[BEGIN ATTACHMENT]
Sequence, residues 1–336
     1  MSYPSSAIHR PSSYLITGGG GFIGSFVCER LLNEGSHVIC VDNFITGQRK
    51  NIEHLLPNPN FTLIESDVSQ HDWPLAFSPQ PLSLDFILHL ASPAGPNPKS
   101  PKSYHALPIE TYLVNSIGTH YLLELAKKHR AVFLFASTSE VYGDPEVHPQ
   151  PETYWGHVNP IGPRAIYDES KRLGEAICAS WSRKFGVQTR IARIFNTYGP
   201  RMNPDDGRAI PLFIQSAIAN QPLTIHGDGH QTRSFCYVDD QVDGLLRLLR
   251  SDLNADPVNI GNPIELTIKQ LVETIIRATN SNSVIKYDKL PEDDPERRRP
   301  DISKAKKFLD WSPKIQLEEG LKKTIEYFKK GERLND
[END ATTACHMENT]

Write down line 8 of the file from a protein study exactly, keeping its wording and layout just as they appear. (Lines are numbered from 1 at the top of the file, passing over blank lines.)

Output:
   301  DISKAKKFLD WSPKIQLEEG LKKTIEYFKK GERLND